Han tries to record the truth. Among the issues that have drawn his attention are issues of everyday life such as the forced demolition of private houses by the government, but Han also voices his views on where China should be headed in the future.

"China might have a Constitution, but that's just bullshit. Nobody respects it at all. Everyone is trampling on it," Han said in an exclusive interview with CommonWealth Magazine. In China such provocative language would most likely be deleted by censors.

Han Han has been pushing the envelope of freedom of expression in China. In order to gain maximum freedom in his work, he chose to become his own boss, setting up his own office. Thanks to the proceeds from his books and the cash awards and endorsement proceeds from his racing career, Han has been able to create his own literary space where he can breathe freely.

While Han Han is not optimistic about the future development of Shanghai or China at large, his emergence as a celebrity writer also shows that there is an opportunity for change in China.

How does Han Han feel about his own influence, and what are his views about Shanghai and the World Expo that will open there in May?

I was born in 1982. Actually the entire generation born after 1980 can be considered independent thinkers. China has never been short of independent thinkers.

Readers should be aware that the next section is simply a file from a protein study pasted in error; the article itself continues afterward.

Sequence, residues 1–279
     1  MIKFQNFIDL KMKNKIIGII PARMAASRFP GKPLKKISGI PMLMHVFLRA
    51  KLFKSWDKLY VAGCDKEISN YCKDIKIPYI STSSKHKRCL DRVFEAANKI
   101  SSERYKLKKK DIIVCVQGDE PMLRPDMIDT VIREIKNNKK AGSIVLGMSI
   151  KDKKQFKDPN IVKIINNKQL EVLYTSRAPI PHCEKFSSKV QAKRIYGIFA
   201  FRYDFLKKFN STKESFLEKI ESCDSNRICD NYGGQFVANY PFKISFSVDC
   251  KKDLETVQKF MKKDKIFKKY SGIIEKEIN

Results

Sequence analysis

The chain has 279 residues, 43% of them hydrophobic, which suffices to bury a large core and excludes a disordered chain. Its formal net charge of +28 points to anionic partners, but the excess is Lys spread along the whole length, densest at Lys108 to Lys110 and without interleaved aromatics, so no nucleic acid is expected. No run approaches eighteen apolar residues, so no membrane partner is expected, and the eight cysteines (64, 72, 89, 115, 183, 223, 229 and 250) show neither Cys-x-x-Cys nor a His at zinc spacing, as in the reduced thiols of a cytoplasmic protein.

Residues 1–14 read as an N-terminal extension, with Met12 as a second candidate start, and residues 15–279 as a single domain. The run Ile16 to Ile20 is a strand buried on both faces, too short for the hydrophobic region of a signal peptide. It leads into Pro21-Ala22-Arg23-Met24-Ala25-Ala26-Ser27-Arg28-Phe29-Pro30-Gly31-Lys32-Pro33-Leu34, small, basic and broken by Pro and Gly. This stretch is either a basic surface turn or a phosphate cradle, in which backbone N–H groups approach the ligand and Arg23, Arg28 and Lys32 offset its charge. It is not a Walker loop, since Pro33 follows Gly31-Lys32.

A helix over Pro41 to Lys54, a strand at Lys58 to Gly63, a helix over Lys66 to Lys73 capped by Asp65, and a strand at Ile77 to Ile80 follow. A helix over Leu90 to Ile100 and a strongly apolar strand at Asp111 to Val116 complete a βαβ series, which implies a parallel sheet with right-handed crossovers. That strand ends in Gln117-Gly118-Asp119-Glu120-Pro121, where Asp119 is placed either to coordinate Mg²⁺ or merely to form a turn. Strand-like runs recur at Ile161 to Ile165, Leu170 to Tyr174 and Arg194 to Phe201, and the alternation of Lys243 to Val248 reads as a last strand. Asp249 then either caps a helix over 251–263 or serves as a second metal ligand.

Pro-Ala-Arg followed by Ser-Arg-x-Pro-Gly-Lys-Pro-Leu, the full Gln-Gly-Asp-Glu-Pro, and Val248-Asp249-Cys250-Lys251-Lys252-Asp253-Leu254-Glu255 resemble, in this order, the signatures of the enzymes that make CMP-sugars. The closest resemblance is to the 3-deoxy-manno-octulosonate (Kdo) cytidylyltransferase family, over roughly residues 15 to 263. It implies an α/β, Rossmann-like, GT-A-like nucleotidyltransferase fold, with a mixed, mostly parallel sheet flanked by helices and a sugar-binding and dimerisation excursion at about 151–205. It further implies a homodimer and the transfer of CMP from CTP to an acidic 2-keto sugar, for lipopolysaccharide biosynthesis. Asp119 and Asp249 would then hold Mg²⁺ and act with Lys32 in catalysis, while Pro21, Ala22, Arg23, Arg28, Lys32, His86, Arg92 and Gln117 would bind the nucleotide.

I write stuff online purely because it's somewhat less censored. Many say that freedom of expression has made great strides in recent years, but this progress was triggered by technology. It's not that the authorities wanted to make changes – they were forced to do so. Nevertheless, it's a good thing that there has been some progress. That's why I hope there will be even better technologies in the future, so that it will become impossible to block anything.

Many people say that Shanghai is more cultured than Hong Kong! Right around the founding of the People's Republic of China (in 1949), many plays, movies and literary works came from Shanghai. Back then Shanghai truly was a cultural center. But I don't know why Shanghai developed into what it is today. Probably it's because Shanghai is nothing but a springboard for many officials who want to get into the central government. They think that if they are able to manage Shanghai well, they will be able to manage China well. As a result, once they come to Shanghai, officials or leaders do their jobs very, very cautiously. The newspapers in Shanghai, for instance, have very, very, very tight controls.